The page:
SiFive Announces RISC-V SoC

At the Linley Processor Conference today, SiFive, the semiconductor company building chips around the Open RISC-V instruction set has announced the availability of a quadcore processor that runs Linux. We’ve seen RISC-V implementations before, and SiFive has already released silicon-based on the RISC-V ISA. These implementations are rather small, though, and this is the first implementation designed for more than simple embedded devices.

This announcement introduces the SiFive U54-MC Coreplex, a true System on Chip that includes four 64-bit CPUs running at 1.5 GHz. This SoC is built with TSMC’s 28 nm process, and fits on a die about 30 mm². Availability will be on a development board sometime in early 2018, and if our expectations match the reality of SiFive’s previous offerings, you’ll be able to buy this Open SoC as a BGA package some months after that.

So far, there are few tangible details about the SiFive U54-MC, but what we do know looks great. On the software support front, RISC-V support in GCC is stable and mainlined as of the 7.1 release. LLVM is in the process of being submitted, and Linux support is getting there too. Considering no one outside SiFive has this hardware in hand, this is just fine.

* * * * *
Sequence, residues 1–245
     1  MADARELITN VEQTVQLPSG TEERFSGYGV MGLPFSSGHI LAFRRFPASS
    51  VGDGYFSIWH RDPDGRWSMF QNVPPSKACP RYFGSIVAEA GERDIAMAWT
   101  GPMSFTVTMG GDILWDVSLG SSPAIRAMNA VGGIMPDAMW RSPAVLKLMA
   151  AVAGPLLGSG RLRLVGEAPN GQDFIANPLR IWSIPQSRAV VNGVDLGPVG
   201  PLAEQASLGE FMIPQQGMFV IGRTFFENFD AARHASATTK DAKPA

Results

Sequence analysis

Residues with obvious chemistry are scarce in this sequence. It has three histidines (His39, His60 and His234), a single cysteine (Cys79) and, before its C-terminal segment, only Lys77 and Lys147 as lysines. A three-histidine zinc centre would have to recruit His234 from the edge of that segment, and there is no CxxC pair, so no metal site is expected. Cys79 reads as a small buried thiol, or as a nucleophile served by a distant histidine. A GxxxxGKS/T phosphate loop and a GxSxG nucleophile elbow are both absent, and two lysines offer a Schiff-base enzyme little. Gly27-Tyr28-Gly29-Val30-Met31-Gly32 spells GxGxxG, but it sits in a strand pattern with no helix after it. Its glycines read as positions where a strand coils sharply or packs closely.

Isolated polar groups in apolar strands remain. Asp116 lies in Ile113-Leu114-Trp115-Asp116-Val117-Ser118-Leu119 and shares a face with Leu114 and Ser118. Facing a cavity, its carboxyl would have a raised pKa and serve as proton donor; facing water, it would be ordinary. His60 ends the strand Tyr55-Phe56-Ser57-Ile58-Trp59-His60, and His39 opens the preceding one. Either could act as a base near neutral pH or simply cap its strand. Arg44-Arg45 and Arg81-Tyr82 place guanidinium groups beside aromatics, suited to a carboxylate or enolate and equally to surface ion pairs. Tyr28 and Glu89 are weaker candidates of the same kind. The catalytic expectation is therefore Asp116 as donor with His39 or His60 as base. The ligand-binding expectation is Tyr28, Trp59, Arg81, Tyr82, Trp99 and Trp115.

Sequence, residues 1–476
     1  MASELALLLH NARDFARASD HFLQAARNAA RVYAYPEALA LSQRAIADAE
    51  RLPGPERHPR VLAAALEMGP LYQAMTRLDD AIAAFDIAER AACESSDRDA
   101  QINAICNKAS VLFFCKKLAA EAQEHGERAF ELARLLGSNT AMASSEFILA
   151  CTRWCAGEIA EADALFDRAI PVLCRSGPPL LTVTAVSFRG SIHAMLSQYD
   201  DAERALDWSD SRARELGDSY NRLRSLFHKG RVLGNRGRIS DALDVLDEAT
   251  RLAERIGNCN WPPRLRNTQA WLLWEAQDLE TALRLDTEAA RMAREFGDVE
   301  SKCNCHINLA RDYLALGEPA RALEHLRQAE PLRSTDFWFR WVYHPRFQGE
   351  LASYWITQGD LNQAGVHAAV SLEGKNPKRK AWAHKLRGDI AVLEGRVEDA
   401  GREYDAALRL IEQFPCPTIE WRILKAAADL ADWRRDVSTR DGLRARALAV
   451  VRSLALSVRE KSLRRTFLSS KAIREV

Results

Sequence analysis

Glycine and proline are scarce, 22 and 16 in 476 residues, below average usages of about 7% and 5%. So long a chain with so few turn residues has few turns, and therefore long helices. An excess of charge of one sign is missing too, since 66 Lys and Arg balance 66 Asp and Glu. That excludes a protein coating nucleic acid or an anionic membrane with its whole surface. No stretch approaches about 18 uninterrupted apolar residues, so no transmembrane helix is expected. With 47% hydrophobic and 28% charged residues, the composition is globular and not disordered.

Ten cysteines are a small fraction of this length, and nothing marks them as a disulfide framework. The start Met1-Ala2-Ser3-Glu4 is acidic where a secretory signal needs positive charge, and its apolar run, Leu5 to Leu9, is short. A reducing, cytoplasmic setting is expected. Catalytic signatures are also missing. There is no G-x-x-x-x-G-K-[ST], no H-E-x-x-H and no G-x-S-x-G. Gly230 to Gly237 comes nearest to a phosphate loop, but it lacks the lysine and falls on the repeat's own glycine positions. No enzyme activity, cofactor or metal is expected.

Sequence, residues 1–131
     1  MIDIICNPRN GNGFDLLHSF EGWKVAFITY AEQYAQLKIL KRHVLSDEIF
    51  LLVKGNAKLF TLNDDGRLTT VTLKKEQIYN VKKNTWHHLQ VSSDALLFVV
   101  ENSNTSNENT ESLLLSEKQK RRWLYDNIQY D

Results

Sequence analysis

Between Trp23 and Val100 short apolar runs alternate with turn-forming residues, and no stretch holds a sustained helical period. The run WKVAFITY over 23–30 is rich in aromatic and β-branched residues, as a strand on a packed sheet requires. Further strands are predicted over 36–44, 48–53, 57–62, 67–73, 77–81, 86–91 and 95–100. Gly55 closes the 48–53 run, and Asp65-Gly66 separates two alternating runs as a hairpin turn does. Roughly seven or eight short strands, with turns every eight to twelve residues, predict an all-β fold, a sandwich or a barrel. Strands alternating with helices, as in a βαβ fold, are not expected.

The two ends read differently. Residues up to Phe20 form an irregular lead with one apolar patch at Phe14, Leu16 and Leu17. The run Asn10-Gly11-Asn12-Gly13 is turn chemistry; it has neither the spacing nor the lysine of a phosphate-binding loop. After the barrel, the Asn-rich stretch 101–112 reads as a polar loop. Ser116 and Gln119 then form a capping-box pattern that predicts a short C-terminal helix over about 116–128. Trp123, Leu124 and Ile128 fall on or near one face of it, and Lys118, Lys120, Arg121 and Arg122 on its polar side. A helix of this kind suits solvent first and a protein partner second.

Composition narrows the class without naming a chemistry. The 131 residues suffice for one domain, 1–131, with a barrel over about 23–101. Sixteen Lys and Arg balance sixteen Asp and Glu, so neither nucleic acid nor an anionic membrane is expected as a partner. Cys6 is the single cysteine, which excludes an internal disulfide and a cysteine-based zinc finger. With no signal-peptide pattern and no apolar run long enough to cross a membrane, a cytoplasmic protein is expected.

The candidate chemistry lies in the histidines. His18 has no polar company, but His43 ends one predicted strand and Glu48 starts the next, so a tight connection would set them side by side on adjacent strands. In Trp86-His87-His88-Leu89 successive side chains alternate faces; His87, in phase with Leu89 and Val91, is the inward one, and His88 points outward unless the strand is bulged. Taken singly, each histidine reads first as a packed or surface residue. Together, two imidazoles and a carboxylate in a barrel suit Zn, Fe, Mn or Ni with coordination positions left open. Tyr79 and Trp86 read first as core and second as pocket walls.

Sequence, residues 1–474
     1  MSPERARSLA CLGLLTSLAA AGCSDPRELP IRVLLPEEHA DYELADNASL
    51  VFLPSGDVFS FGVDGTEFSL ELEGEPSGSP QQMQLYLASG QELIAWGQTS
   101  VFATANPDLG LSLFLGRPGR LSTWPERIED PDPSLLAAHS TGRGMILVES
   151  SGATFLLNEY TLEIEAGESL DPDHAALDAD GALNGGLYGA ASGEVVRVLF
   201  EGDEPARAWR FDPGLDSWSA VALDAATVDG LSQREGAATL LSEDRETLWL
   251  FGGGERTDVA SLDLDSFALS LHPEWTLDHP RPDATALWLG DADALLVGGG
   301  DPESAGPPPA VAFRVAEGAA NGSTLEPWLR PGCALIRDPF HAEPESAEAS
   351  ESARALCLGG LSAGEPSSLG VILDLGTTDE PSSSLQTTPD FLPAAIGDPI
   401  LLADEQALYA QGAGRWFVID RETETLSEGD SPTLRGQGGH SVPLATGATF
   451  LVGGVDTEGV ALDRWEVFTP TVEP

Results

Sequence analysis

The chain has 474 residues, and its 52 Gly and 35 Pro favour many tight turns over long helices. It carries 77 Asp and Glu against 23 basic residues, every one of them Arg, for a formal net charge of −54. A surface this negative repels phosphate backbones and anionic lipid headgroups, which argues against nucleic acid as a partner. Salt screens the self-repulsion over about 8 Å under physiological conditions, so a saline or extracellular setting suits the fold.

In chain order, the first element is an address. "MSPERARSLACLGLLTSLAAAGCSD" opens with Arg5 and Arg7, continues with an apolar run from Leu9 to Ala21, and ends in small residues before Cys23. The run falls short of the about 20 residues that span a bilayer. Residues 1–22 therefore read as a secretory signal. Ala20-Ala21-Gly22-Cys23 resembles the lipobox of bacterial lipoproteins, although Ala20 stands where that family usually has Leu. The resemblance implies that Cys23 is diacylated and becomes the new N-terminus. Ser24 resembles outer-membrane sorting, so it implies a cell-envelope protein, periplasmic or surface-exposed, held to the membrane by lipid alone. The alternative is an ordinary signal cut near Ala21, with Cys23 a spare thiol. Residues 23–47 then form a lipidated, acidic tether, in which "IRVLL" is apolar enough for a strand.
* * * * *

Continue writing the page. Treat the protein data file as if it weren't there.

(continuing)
The hardware part of this SoC is where things get interesting. This is a truly modern SoC built with a modern process. Typical performance is 1.5 GHz, with 1.7 DMIPS/MHz and 2.75 CoreMark/MHz. Peripherals included in this SoC include a DDR3/4 controller, Gigabit Ethernet, SD card, SPI, UARTs, and the other usual peripherals found in every other processor. Of special interest is the ChipLink interconnect. This is a direct connection to an FPGA where IP blocks run, giving the SoC peripherals like PCIe, USB, MIPI, or other high-speed interfaces.

Below you can check out a few of the relevant slides from SiFive’s announcement today:

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The HiFive I, the ‘Arduinofied’ version of the E31 RISC-V microcontroller

We’ve taken a look at SiFive’s RISC-V offerings in the past, most notably in the form of the HiFive I, an Arduino-shaped board loaded up with the SiFive E31 CPU. This is a microcontroller, and a far cry from a quadcore SoC. However, the E31 is a remarkable microcontroller that’s exceptionally fast, capable, and has a surprising amount of support and tutorials behind it. Right now, if you want a microcontroller that’s exceptionally fast, has fast DMA, and can control a ton of WS2812 RGB LEDs, your best options are a Teensy or a BeagleBoard with the fantastic PRUs. The E31 is a contender, though, and with recent, lower cost offerings like the LoFive we’re expecting RISC-V microcontrollers popping up in some very interesting projects soon.